Mothers reported demographic information about themselves and their child including: the sex of their child, their own education levels (low = secondary school or lower; medium = trade certificate/diploma; high = university degree or higher), and their child’s date of birth. The child’s date of birth enabled the calculation of the child’s decimal age, which was based on when the survey was completed. Mothers also reported whether their child was attending primary school at the 5 year old time point (yes/no).
Data were analysed in 2017 using Stata v.14.0 . A chi-squared test was used to examine whether the number of valid time points of data differed by maternal education. Analysis of variance (ANOVA) tests examined differences in total SED, LPA and MVPA for children who had commenced primary school at age five and those who had not. Linear multilevel models were used to examine changes in the following outcome variables over time: total volume of SED, LPA and MVPA expressed as a percentage of wear time; and frequency (bouts/day) and duration (mins/day) of bouts of SED, LPA, MVPA. Multilevel modelling was considered the most appropriate analysis technique as it can manage nested data and is robust for dealing with missing data, assuming the data are missing at random . Each model included a random intercept for both child and parent group of recruitment. In addition, the coefficient of time was allowed to vary randomly by child to allow each child to have his or her own trajectory of change. To determine whether there was evidence that there was random variation in the trajectory of change across participants, likelihood ratio tests were used to compare multilevel models with and without a random slope for time (i.e., random intercept only vs. random slope and intercept). In addition, models with an unstructured covariance, which allowed for correlations between the random intercept and slope, were considered. For most outcome variables (total volume of SED, LPA, MVPA, SED and MVPA bout frequency, and SED bout duration) the random slope and intercept with unstructured covariance provided the best fit for the data. For the remaining outcome variables (LPA bout frequency, and LPA and MVPA bout duration), a random intercept was sufficient. Model residuals were checked for normality and constant variance using QQ-plots and plots of residuals against fitted values. All assumptions appeared reasonable.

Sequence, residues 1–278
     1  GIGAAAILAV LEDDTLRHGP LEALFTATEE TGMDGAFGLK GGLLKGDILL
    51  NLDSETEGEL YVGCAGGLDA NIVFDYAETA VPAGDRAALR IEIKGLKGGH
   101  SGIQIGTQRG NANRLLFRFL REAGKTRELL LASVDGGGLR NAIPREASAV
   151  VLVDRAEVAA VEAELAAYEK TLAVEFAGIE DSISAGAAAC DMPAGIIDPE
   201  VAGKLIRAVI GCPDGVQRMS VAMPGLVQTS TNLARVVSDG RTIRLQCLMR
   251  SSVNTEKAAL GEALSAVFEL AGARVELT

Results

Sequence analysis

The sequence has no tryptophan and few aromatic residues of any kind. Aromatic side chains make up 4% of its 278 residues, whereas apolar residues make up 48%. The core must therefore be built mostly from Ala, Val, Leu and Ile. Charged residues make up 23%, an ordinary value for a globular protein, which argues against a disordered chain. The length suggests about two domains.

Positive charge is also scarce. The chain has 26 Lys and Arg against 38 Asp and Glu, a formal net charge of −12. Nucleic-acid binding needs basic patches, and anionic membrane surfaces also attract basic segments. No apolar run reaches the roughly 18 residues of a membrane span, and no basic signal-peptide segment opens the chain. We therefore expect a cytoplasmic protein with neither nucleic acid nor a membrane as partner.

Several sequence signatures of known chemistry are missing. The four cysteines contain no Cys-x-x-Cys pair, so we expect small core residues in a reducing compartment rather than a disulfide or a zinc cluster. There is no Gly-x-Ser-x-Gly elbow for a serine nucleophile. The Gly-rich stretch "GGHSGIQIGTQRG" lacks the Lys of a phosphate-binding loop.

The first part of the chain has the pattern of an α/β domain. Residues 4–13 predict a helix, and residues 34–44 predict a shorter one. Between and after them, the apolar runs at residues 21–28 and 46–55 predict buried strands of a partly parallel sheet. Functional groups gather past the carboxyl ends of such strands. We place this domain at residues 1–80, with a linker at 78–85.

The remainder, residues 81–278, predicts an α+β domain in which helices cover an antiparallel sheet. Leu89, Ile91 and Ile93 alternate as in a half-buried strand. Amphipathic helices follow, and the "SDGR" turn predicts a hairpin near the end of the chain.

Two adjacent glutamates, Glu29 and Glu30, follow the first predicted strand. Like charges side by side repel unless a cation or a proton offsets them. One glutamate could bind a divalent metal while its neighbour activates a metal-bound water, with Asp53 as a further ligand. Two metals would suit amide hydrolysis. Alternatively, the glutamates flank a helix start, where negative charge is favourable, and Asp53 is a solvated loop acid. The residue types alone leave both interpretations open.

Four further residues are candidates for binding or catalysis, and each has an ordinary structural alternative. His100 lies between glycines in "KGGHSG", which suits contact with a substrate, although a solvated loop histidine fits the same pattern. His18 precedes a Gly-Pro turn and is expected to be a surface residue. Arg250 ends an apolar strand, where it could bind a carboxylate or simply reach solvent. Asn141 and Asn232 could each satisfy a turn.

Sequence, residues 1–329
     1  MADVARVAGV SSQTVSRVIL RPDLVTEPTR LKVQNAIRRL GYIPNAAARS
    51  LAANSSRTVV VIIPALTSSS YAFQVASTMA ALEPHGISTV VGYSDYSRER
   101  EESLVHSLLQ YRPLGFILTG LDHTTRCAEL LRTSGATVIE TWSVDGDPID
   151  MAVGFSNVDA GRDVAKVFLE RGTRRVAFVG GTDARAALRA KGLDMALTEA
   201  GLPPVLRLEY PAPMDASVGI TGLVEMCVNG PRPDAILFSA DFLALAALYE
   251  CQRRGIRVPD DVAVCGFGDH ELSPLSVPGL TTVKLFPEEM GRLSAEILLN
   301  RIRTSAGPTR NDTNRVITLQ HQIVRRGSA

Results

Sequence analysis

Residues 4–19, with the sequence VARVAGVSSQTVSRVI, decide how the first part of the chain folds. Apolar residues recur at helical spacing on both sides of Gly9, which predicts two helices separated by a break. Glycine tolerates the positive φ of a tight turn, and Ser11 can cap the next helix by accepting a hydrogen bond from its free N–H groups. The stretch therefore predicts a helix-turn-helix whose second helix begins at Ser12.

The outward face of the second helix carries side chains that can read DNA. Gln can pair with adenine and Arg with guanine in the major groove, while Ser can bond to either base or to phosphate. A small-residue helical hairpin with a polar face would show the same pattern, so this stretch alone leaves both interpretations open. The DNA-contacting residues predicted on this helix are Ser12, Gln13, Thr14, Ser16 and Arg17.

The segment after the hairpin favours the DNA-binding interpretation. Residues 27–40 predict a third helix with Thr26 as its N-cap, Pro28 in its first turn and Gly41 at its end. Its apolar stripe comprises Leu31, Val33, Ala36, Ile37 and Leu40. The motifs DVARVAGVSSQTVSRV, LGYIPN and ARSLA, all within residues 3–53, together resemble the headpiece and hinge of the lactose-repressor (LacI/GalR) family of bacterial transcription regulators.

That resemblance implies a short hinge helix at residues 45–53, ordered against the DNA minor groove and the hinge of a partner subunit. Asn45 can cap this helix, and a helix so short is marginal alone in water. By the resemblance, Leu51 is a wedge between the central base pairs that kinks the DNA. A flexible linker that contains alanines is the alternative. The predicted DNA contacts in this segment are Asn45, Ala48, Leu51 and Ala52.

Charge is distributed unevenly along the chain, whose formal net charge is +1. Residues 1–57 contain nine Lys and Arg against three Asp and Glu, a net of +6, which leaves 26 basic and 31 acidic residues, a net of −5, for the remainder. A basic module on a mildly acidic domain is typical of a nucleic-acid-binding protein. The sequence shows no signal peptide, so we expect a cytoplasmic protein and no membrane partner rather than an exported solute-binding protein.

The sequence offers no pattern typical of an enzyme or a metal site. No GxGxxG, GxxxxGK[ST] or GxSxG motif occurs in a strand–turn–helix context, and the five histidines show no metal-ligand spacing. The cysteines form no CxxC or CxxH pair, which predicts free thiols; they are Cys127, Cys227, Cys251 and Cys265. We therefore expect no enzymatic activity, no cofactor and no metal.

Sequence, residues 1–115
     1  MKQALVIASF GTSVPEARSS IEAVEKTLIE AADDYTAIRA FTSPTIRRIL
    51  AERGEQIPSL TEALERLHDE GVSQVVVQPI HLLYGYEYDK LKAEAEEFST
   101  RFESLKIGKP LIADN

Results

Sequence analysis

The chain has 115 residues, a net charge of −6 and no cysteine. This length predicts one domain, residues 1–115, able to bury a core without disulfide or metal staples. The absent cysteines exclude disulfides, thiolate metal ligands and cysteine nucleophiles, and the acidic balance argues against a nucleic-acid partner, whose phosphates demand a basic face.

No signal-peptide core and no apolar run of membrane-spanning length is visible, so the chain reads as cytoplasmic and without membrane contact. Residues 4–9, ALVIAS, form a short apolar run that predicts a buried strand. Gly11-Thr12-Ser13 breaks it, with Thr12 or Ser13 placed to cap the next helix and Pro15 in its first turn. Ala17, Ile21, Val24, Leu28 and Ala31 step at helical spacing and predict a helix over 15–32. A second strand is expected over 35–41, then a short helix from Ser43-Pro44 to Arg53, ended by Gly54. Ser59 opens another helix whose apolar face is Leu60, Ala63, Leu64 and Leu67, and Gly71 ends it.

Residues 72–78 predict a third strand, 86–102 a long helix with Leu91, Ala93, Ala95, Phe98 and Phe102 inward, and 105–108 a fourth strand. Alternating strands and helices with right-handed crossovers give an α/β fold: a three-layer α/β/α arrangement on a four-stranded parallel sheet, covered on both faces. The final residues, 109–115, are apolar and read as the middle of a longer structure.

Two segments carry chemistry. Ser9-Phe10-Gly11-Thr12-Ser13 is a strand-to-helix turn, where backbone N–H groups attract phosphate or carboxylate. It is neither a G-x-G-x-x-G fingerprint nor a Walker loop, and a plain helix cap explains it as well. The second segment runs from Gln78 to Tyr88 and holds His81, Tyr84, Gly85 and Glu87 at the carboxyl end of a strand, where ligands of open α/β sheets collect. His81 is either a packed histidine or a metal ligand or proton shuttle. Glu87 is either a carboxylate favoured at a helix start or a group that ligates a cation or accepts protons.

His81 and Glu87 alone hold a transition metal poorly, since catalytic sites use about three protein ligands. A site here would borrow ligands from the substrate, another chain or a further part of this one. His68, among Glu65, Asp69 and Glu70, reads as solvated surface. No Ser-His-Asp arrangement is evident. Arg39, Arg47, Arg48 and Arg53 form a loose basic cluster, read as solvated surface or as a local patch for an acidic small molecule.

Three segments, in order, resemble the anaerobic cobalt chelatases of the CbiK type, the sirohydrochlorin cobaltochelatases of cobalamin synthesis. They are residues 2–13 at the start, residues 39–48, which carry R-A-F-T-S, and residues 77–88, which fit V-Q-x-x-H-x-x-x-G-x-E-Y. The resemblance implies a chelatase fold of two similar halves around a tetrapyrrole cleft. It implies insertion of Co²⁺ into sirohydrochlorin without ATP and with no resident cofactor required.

Since participants of the Melbourne InFANT Program were recruited as part of a cluster randomised controlled trial, models were initially fitted to examine whether change in the outcomes differed by treatment group (i.e., intervention vs. control). However, there was no evidence of a group by time interaction for any of the outcome variables. Therefore, data were pooled from both groups for the remaining analyses to maximise the sample size.